In the Garden:
Southwestern Deserts
September, 2007
Regional Report

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A wild primrose thrives in sunny, arid conditions.

Easy Wildflowers

Next to cacti, the easiest and most rewarding plants to grow in a desert landscape must be wildflowers. All it takes is scattering some seeds in October and waiting for the winter rains to germinate them. Of course, if the rains don't come, the spring floral display will be sparse, but at least you didn't expend much time or energy on the project!

I think sometimes people work too hard to create ideal conditions, thinking that if wildflowers grow in the harsh desert, they'll grow like gangbusters in an improved garden bed with someone to fuss over them. In reality, they'll put out some really lush foliage at the expense of blossoms. It's best to observe where wildflowers grow in their natural locations (wherever you might live) and then mimic those conditions. For the low desert, that means full sun and native rocky, alkaline, low-organic-matter soil, with minimal periodic rains. There's no need to dig a deep bed and improve it with rich compost. If you live at higher alpine elevations, you might need to find a partial shady spot beneath a pine tree.

Sowing Desert Wildflowers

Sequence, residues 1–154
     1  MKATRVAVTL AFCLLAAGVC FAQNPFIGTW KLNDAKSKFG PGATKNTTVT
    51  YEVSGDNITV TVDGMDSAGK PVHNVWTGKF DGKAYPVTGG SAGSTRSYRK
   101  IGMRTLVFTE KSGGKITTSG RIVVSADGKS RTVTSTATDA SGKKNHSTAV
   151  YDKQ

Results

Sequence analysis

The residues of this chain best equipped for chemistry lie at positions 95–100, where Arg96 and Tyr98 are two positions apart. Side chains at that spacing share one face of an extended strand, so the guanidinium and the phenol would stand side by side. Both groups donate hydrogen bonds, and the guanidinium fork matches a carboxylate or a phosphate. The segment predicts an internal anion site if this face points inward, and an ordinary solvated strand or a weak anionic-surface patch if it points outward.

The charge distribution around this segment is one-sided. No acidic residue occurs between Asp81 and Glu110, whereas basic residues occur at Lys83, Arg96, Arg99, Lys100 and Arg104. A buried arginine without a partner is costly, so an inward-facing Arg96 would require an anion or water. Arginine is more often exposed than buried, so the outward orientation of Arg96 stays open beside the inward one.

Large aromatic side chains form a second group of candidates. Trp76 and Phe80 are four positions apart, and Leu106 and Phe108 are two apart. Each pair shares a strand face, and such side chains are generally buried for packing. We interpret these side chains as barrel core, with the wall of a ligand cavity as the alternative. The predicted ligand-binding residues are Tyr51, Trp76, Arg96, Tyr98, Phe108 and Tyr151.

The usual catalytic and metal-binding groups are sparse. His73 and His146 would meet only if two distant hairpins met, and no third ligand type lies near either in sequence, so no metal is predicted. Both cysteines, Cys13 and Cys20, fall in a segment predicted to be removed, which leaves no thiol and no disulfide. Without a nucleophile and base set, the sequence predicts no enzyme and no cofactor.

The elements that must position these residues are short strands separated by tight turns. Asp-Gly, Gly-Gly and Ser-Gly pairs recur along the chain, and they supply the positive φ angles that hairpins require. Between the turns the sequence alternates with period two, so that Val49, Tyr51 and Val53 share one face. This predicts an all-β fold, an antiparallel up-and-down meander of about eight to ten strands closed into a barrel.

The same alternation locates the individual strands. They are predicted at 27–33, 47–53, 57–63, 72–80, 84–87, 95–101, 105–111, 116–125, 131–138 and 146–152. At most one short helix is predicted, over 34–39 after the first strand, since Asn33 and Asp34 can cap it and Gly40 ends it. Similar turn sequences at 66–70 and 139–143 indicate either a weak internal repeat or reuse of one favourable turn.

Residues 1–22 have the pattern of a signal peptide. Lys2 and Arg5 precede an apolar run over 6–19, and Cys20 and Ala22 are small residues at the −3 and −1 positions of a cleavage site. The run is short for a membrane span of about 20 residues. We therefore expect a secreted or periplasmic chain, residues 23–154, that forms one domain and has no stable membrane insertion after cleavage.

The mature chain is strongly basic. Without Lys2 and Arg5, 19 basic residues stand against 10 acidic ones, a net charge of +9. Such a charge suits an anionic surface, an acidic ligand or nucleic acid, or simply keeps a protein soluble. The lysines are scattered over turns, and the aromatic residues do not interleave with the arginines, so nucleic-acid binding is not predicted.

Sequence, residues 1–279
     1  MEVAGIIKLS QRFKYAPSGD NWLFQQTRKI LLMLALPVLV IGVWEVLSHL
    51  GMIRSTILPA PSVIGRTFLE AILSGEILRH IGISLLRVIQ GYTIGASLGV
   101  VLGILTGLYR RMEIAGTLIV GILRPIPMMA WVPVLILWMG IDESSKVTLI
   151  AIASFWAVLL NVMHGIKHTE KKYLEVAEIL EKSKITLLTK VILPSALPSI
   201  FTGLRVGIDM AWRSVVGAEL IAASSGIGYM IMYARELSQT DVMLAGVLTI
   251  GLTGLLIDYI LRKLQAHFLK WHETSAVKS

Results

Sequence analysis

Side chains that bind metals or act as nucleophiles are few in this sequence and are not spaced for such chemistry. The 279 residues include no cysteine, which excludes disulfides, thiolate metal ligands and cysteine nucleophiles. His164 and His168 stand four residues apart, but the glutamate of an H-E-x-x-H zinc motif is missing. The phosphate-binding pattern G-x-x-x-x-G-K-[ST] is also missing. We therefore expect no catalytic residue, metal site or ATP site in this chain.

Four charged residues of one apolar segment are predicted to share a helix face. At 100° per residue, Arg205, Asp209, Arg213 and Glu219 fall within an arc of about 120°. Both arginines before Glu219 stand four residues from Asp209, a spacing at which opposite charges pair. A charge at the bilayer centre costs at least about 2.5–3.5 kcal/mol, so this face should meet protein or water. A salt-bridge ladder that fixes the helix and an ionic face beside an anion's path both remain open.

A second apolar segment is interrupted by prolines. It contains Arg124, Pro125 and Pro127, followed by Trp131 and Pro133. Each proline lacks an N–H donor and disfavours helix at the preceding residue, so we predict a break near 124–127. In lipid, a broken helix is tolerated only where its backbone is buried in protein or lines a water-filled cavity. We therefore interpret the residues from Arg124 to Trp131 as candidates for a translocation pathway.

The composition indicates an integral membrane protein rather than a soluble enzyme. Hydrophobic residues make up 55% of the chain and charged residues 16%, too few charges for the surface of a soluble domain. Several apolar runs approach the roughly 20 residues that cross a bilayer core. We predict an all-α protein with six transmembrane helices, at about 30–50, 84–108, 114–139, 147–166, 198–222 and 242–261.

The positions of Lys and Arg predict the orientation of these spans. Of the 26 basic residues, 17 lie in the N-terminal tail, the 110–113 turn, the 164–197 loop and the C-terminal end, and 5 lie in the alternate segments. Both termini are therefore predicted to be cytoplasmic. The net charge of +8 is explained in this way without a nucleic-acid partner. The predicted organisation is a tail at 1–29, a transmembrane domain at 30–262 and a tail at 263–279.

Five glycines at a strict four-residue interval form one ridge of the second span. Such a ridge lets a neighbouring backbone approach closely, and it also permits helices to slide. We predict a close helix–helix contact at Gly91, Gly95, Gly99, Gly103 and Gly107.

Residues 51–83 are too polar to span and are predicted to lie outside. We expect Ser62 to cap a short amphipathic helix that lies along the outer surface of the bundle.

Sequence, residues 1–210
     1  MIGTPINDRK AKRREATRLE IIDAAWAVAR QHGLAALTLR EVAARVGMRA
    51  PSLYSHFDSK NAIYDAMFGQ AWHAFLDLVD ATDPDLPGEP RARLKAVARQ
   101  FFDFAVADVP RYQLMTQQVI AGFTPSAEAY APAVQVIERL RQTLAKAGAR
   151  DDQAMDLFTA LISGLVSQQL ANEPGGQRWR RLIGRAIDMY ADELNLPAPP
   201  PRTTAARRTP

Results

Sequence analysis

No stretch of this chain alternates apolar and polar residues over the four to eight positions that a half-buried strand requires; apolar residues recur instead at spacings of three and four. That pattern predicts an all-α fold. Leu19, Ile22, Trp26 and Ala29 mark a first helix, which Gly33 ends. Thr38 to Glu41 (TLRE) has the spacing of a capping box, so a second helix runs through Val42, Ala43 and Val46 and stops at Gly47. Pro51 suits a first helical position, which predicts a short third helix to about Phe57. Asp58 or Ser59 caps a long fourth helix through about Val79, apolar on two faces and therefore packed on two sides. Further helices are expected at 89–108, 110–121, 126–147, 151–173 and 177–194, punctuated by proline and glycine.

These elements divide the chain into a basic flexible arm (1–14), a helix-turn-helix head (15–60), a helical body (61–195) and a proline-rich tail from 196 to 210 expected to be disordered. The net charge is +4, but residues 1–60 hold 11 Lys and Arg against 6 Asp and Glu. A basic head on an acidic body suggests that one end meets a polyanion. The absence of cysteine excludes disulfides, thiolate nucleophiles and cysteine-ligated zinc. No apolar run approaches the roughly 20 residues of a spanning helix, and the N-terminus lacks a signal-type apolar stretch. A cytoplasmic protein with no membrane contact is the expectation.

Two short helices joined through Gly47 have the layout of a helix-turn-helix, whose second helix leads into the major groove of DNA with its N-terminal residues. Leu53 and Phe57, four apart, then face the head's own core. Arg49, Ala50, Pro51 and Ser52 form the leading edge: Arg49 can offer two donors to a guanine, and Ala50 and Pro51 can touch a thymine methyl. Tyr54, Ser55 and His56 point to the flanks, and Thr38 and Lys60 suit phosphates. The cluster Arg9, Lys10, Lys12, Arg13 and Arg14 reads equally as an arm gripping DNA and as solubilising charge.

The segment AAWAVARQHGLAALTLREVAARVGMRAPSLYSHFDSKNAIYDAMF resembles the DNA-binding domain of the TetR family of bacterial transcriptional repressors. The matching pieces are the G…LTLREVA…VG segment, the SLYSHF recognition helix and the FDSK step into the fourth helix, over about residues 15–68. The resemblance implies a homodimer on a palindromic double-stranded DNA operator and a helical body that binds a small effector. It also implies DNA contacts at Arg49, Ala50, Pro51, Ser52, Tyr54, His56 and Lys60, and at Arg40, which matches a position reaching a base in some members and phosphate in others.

Choose a spot in full sun. Very lightly rake the soil, loosening it to a depth of no more than 1 inch. This encourages good soil-to-seed contact to enhance germination. Stirring up the soil more deeply is unnecessary and just brings weed seeds to the surface. Do not add soil amendments or fertilizer.

Wildflower seeds are tiny. You can spread them more evenly by first mixing them with sand or soil in a 1 to 4 ratio. Sprinkle half the mix across the soil north to south; the other half east to west. Press seeds into the soil with the back of a rake or gently walk across the area. Seeds shouldn't be covered any more than 1/16 of an inch deep or germination will be reduced.

At this point, you can hope for winter rains. The trick is to have periodic soaking rains to germinate the seeds and maintain somewhat moist soil as the seedlings grow until they provide us with those spectacular spring floral displays. If we have one early rain that germinates the seeds but then no rains follow, the seedlings will die without moisture. You may gamble with the rains, or choose to help Mother Nature with your hose or irrigation system, maintaining consistently moist soil for about four to six weeks until seeds germinate and seedlings establish. Reduce watering after seedlings are about 1 to 2 inches tall, giving them a deep soaking only as needed to prevent yellowing or wilting.

Remember to thin them to about 8 to 12 inches between each plant so they receive sufficient air circulation, sunlight, and moisture. Snipping seedlings at the base with scissors prevents disturbing delicate roots of the remaining seedlings.

Wildflowers to Sow from Seed
These wildflowers are reliable from seed and will self sow for the following year: Arizona poppy, blanket flower, desert bluebells, desert lupine, desert marigold, globe mallow, golden dyssodia, Mexican gold poppy, owl's clover, Parry's penstemon, Palmer penstemon, and tufted evening primrose.


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